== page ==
The same-sex marriage debate is buzzing around our young people. They hear about it on television, their news feeds, when they go to their part-time jobs and even at school. What I would like to know is whether you, as parents, are talking to them about it?
During a time where we are nationally discussing the definition of marriage, I'd like to think we are helping our young people intelligently process all they are hearing. After all, we are talking about the world which will be their future.
Acceptance of homosexuality and transgender issues marks a very significant shift in today's society. If you walk into any university this week (or visit their social media pages) you will see young people fervently expressing their opinions, debating their views both for and against same sex marriage.
They are thinking, which is what I like to see. I love to follow the thought process of young people as they make decisions that require them to exercise their social conscience.
Our job is not to tell them what to think, but encourage them to think critically.
Early sex education in schools has certainly led to greater empathy towards others who may be bullied for their sexual differences. It has enabled expression and clarification for those who may be searching for answers. It has also given young people more information to process at younger and younger ages.
When I was young, I would have never considered the options of pansexual, demisexual, monosexual, bisexual, asexual, autosexual or gray-asexual. Young people want (and need) to talk about sexual differences, the options, and how this impacts their lives and others' lives. What better time than now?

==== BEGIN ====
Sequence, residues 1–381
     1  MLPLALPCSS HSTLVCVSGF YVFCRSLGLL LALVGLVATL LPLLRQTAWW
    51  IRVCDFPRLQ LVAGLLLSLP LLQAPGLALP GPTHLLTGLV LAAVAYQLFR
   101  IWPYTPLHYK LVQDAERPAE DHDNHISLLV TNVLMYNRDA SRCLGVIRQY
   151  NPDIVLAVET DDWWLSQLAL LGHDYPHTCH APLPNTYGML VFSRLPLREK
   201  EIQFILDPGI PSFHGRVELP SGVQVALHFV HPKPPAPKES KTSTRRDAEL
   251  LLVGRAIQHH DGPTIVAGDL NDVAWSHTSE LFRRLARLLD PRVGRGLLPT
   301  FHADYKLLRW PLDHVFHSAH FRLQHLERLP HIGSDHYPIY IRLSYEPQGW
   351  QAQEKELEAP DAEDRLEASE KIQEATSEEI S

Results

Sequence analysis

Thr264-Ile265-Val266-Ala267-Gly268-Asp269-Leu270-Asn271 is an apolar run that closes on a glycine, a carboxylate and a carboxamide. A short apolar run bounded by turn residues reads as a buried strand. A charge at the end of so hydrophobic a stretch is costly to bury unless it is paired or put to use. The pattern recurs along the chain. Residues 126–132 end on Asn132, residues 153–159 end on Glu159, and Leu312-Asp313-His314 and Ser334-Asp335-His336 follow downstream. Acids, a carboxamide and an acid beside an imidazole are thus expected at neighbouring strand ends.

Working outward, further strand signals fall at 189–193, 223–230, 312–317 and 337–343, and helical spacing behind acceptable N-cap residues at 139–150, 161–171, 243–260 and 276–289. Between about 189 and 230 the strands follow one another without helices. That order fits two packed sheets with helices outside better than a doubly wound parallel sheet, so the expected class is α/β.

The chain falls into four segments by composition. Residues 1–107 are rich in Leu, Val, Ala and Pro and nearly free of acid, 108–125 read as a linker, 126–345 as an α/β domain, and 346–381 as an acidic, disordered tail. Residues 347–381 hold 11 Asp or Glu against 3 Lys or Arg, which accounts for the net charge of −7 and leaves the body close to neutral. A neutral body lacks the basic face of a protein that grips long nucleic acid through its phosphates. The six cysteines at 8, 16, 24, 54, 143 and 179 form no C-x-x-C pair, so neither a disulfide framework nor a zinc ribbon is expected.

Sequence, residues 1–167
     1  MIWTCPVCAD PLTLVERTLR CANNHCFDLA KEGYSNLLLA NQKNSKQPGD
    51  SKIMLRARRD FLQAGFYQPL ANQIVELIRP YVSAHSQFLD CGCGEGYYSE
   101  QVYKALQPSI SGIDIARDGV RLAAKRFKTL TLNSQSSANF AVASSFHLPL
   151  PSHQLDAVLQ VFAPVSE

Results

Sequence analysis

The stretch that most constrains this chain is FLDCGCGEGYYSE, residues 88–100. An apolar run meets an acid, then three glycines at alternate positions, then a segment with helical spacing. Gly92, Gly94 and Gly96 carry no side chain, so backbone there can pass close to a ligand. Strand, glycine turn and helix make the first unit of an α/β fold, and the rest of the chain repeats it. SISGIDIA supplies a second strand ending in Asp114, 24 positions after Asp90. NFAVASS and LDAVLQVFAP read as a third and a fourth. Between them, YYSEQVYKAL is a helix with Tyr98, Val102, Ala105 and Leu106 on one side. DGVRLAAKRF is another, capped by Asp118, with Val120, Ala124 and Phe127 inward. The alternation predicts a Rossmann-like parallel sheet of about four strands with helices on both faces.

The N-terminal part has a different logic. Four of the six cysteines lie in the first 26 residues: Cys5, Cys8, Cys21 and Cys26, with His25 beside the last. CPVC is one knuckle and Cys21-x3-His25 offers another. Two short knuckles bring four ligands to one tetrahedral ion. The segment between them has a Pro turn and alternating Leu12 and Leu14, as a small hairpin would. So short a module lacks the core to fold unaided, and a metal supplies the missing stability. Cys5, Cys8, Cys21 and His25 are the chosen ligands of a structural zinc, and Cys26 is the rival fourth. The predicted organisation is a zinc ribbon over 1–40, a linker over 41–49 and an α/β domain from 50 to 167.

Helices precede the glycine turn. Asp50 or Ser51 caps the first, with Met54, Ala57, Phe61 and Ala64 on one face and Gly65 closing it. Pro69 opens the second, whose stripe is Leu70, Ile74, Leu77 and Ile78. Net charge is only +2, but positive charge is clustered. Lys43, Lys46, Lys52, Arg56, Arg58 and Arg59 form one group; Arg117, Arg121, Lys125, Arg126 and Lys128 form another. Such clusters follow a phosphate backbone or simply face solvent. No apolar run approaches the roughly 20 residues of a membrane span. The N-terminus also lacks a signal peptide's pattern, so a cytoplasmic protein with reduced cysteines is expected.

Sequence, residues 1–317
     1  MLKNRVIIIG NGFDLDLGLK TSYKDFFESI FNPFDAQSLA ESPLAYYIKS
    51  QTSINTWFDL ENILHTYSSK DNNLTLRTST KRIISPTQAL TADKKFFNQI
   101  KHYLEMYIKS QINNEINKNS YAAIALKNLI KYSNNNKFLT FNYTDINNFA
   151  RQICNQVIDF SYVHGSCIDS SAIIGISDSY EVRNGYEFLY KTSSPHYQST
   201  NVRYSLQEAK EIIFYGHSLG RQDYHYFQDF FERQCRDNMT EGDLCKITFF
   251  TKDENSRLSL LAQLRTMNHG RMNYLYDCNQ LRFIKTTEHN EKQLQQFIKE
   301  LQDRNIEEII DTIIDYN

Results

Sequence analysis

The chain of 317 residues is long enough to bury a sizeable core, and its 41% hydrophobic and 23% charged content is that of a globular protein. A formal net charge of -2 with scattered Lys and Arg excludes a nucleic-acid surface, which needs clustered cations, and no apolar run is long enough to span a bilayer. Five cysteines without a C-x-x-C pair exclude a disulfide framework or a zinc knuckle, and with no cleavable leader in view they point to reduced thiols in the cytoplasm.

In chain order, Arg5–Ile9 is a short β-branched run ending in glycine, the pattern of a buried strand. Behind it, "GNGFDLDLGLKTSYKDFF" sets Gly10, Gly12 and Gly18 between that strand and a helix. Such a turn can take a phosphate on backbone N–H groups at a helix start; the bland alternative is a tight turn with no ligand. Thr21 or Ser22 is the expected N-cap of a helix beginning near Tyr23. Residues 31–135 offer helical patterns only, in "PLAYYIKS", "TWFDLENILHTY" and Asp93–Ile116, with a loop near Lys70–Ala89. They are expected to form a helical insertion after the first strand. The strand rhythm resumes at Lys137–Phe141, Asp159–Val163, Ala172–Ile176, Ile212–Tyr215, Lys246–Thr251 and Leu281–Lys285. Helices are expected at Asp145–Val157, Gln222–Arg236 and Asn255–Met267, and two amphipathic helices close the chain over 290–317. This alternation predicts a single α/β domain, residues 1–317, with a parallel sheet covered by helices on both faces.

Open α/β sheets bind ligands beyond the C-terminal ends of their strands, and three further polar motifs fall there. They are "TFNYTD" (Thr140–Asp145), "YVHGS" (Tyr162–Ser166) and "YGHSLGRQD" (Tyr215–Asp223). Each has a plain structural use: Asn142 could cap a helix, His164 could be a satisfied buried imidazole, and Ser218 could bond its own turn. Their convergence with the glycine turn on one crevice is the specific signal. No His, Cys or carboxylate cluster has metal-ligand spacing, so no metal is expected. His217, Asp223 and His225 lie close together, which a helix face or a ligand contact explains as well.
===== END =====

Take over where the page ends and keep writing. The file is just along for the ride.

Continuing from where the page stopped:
Our kids should never have to be the ones who have to bring up tough topics. We are the adults, so we need to take the lead. I meet a lot of parents who are uncomfortable talking about heterosexual relationships, let alone homosexuality and transgender issues. The more comfortable you are the more comfortable your teenager will be.
There is no easy way to start tough conversations. Pick a suitable time and place and then jump in and get things started. Try questions like: "If you were old enough to vote, what would you vote? What has influenced your thoughts the most? What opinions have you listened to that differ from yours?"
Young people will be more likely to talk to parents who are open minded, educated, calm, empathetic and up for a discussion about differences. They are conscious of being excluded or judged for their own differences inside or outside of the family, so be prepared to listen in order to understand, not just respond.
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Ask a lot of questions. If your view point differs, it's likely to be less of an issue for them than it is for you.
Parents should be well researched and confident enough to be able to explain their point of view with clarity. Come prepared. Too many times adults lack a clear and certain voice when communicating to their young person. Your opinion matters. Say what you mean and mean what you want. And know why, they will ask you why.
It's also a great time to talk about respect, bullying, the role of the media, legislation and our voting system.
I encourage you to be a mentor in your young person's life during this time. Our job is not to tell them what to think, but encourage them to think critically. All young people process in different ways and at different paces, so who better to walk beside them than their parents.